UST GG3500 3,500 Watt 6.5 HP 196cc 4-Stroke OHV Portable Gas Powered Generator
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- 3500 Watts Surge 3000 Watts Continuous Output
- 10 Hours of Run Time at 50% Load on a 3 Gallon Tank of Fuel
- Powerful 6.5 HP 196 cc 4 Stroke/Air Cooled OHV Engine
- (2) 120-Volt AC Outlets (1) 12-Volt and 10 AMP DC Outlet
- Non-CARB Compliant/Not For Sale In California
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From the Manufacturer
3500 Watts Surge 3000 Watts Continuous Output 10 Hours of Run Time at 50% Load on a 3 Gallon Tank of Fuel Powerful 6.5 HP 196 cc 4 Stroke/Air Cooled OHV Engine Recoil Starter (2) 120-Volt AC Outlets (1) 12-Volt and 10 AMP DC Outlet Rated Frequency: 60Hz Rated Current: 25 AMP Noise Rating: 70 dBA Rated Voltage: 120 Volts Power Factor: 0:1 (lag)
Top customer reviews
Loads were a small air compressor, a shop vac, and flourescent and incandescent lighting.
Ambient temp = 33 deg F. @ 6300' elev.
124.4/0/62.2/0 (no attached loads)
113/170/61.7/0.84 (small lights here)
116/770/60.2/0.93 (shop vac on here)
112.5/1100/59.9/0.88 (more lights here)
114/1460/59.6/0.94 (more lights again)
108.7/2100/59.5/0.92 (air compressor on here)
102.6/2600/57.9/0.92 (more lights)
101/2600/57.1/0.93 (added some more small lights - basically turned the rest of what I had on.)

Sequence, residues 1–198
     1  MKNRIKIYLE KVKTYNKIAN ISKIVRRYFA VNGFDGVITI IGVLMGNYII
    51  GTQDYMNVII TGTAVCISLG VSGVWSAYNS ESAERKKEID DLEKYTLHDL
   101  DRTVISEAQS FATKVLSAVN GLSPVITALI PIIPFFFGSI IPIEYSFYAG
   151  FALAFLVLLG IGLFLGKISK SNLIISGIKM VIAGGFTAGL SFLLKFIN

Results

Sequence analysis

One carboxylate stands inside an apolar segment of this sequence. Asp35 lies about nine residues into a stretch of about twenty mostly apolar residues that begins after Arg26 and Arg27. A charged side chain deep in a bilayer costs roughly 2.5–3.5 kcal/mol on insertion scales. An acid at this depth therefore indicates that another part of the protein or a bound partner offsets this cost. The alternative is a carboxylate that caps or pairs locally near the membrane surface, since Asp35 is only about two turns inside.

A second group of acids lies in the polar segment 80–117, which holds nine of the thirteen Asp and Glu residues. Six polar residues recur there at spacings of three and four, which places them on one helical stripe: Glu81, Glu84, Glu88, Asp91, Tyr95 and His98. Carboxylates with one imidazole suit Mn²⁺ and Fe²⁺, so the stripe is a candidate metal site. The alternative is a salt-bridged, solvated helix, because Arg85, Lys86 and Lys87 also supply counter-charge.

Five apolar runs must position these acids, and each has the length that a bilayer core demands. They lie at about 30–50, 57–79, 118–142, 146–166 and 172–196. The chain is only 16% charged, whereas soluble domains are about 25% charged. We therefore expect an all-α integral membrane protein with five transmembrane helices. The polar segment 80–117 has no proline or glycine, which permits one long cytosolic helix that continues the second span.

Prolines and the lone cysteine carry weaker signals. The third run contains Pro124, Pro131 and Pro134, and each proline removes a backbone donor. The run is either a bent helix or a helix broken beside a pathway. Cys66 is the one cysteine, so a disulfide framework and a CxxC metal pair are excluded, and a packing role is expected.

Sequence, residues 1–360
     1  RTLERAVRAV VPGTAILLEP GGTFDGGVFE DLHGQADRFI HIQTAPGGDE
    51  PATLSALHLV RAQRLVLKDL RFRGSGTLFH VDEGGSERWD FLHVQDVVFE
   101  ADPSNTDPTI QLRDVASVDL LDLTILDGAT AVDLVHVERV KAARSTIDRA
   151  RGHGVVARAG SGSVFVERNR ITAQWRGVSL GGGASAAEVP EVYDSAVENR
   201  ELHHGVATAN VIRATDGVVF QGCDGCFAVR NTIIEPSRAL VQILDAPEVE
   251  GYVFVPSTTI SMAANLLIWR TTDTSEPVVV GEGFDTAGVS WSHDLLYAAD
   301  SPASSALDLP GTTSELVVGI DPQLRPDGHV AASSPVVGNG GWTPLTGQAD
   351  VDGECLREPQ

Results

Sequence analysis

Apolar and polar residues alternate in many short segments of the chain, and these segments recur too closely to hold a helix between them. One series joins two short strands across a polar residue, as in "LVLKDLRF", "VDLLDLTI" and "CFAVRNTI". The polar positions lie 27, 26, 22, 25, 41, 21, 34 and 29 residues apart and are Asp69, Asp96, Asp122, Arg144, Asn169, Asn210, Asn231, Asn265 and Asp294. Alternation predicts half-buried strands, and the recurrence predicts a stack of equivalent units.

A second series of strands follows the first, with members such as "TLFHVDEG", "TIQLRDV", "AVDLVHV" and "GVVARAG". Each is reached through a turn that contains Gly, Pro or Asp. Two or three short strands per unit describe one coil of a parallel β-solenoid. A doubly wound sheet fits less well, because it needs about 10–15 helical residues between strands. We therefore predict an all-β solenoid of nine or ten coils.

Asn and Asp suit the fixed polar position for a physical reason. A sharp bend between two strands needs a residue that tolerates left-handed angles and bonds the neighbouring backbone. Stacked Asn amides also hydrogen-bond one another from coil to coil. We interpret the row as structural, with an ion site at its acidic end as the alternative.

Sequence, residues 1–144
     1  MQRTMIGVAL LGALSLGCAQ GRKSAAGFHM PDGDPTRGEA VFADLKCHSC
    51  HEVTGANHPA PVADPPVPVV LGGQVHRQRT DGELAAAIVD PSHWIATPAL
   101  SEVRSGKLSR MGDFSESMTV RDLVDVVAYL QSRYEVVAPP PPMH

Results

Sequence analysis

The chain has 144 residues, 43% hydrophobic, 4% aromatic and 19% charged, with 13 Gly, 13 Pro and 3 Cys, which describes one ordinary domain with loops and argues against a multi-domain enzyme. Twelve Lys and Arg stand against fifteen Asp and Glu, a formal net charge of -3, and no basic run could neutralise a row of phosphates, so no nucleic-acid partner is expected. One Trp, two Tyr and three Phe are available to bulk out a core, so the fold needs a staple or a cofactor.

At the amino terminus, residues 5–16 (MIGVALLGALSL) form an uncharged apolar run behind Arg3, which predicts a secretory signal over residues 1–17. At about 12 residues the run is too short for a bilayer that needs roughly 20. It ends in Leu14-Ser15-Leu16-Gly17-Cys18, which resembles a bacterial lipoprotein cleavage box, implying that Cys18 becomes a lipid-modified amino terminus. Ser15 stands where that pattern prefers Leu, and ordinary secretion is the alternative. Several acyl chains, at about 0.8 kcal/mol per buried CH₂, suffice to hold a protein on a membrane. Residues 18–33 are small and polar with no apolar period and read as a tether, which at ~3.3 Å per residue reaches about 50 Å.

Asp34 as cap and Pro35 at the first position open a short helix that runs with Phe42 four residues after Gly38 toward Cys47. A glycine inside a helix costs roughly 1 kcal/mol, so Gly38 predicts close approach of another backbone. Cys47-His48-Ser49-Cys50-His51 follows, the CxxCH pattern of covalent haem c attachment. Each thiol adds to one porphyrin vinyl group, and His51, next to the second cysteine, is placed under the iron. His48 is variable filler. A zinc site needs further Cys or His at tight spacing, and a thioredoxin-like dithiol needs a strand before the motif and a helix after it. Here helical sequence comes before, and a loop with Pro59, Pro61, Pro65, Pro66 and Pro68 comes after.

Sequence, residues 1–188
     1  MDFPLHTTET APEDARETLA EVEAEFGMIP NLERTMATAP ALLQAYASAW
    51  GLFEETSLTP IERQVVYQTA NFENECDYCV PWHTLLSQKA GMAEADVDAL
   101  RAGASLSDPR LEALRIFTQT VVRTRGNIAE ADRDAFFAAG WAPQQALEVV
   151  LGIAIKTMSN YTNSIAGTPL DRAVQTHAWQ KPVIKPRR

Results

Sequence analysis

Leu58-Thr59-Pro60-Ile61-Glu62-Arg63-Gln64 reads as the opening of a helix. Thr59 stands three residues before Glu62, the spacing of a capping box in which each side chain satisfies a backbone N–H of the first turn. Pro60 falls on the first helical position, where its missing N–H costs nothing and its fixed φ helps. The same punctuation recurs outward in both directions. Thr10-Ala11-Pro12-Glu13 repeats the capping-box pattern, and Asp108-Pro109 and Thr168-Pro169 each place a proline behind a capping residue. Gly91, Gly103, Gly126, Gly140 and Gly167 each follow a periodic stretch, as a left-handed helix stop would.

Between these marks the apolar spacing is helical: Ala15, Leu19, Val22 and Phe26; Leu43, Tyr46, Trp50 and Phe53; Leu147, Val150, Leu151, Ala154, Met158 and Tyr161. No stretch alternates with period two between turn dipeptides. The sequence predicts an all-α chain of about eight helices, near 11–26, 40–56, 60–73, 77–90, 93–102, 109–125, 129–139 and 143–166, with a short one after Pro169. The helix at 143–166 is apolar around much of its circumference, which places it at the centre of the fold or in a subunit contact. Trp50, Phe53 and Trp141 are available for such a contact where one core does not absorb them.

On the second from last set of data, I believe the machine was already at full throttle, but I didn't actually check this until the last set. So, in my particular case, it looks like this generator maxes out at about 2600 watts at my elevation which is probably a little less than anticipated, but reasonably close. I would rate it at 2000W continus w/ 2500W surge rating based on what I saw where it's being used. I feel the governor controls pretty well from the data above within the practical load range considering the price of the unit. The voltage regulator probably could be a little more stable at trying to maintain 120 V under the various loads. I haven't tried to run the electronics/blowers on my furnace yet, but I think it should be able to do it in an emergency although I'll have to practice some load management between other things using the electricity (like shutting off everything else before starting the furnace). I originally intended to be able to run with a little more "elbow room" and not worry about load management as much but it looks like I'll need to have a generator rated at least in the 5 to 6000 watt range to do what I want. If I was at sea-level I probably wouldn't even be considering a larger unit given the same electrical loads. I would recommed this unit to someone considering it, assuming you have a good handle on the conditions you'll be using it in. Unfortunately it isn't as straightforward as one would like it to be.